I quickly reached out to the guy and explained that his comment was not going down very well and invited him to post a quick follow-up comment both by way of apology and explanation. He was aghast that his question had been so badly misinterpreted.

Clearly our hapless commentator had meant well. In his mind all he had done was to ask an obvious and seemingly harmless question, and crowned it with a slightly clumsy attempt at humour.

During our conversation it became obvious that several exacerbating factors had combined to create a situation of epic misunderstanding.

  • He worked several hundred miles from the location of the incident.
  • English was not his native language.
  • He had no way of knowing that local emotions preceding the ‘incident’ were running sky high.
  • He had no way of knowing that emotionally, the most senior people in the company were also heavily invested in the story.

I felt sorry for the guy. Taken the wrong way, and certainly not the way he had intended, his comment could potentially turn into a career breaker. I felt sorry for me. I had told people who had never wanted me to open the floodgates of anarchy in the first place that such behaviour on a company intranet was the stuff of fiction.

That’s why these days I believe that as an intranet manager you do have to accept some degree of responsibility to the individual and to yourself if you have provided people with the opportunity to inadvertently hang themselves in public.

Reflections on grief

In 2003, Detective Constable Stephen Oake was stabbed to death as he carried out an immigration raid in Manchester. His killer was arrested at the scene and subsequently locked up for life. One of the remarkable aspects of this tragedy was the incredibly dignified way his father dealt with the loss of his only son.

When ex Isle of Man Chief Constable Robin Oake faced journalists at the press conference following the murder, he was asked what he felt about the man who killed his son. His reply took everyone by surprise: “I don’t know the man or the circumstances but from my heart I forgive him.”  Mr Oake later went on to write a book called Father Forgive: The Forgotten ‘F’ Word

I knew nothing of this until I heard Mr Oake being interviewed on the Radio last week in connection with the killing of two police officers in Manchester the previous day. I was struck by his measured tone and dignity as he empathised with the families of the two murdered women. He spoke of the difficult journey ahead and the importance of forgiveness as part of the healing process.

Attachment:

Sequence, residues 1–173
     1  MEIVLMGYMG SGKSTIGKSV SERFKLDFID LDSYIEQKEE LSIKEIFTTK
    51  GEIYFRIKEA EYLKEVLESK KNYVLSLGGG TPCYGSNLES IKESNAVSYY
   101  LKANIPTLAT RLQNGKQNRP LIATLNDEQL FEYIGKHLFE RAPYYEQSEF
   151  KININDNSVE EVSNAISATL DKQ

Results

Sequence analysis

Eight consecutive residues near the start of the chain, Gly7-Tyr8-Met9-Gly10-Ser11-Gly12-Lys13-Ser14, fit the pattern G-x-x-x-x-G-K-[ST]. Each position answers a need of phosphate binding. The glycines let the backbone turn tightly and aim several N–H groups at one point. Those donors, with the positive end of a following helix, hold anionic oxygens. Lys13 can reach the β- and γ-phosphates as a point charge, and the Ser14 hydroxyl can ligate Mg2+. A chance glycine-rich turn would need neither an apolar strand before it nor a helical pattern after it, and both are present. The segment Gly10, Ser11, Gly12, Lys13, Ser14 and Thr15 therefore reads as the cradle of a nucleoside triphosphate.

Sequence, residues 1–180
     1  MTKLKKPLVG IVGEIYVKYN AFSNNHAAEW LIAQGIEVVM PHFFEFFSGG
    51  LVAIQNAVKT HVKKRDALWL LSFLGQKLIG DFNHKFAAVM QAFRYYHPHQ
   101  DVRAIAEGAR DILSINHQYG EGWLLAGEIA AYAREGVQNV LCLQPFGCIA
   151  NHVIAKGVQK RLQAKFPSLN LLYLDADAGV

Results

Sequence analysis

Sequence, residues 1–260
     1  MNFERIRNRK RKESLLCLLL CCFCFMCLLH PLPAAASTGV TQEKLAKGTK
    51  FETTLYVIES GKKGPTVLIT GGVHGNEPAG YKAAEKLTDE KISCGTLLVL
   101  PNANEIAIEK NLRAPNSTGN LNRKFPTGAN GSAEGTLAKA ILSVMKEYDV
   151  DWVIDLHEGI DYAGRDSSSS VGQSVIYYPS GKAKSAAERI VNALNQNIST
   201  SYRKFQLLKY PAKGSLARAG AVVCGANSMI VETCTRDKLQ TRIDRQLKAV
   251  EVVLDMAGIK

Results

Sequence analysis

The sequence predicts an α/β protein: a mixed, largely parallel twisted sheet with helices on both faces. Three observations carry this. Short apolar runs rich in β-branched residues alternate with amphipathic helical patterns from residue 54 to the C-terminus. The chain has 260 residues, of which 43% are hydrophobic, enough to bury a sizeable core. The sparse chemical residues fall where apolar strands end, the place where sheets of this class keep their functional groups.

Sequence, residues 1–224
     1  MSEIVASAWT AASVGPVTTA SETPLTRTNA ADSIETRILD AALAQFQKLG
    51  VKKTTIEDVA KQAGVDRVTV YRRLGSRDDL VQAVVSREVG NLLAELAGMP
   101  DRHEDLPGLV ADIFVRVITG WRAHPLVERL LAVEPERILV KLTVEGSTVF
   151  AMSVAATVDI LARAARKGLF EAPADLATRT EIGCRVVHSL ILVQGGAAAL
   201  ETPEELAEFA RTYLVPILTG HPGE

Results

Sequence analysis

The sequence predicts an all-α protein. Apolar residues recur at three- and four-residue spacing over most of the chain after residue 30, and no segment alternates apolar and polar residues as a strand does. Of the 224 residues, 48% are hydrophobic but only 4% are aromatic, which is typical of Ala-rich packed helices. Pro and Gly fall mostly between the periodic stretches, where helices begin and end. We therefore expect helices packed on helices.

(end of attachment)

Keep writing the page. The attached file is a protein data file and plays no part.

ImageIn stark contrast, a week earlier the Hillsborough report was published and our newspapers and TV screens were dominated by stories of cover-up, culpability and injustice. One recurring sentiment expressed by friends and families of some of the 96 people who lost their lives 23 years ago was the need for justice.

They wanted those they considered responsible for the deaths of their loved ones to be brought to book. Not a single word was uttered about forgiveness.

So how is it that a man can pray for the killer of his only son and forgive him even before he’s been convicted, while hundreds of grieving relatives almost a quarter of a century on cannot see past blame and retribution?

It’s because the relatives of the 96 were denied the opportunity for closure due to misinformation, cover-up and not being listened to. They have never had the opportunity to forgive because instead of embarking on a search for the truth, those in positions of high power sought to evade any sense of personal or collective responsibility.

The irony is I don’t believe justice will ever be done. What happened at Hillsborough on 15 April 1989 was the crashing together of a series of errors in human judgment that each in isolation would in all likelihood have been inconsequential. Decisions made by the FA, Sheffield United FC, stewards, police, the ambulance service and yes, dare I say it, some of the fans, all collided that day in a way that nobody could possibly have predicted.

There was nobody left holding a bloodstained knife. Nobody standing there with a smoking gun. No tangible killer to blame. The misinformation that followed and the desire by certain people to exonerate themselves rather than accept their contribution to the series of events that resulted in catastrophic loss of life is the real crime here.

I’m not sure if there is a communications lesson here or not.

There is most certainly evidence of the devastating damage to people’s lives that can be caused by those who we all rely on to act with honesty and integrity don’t.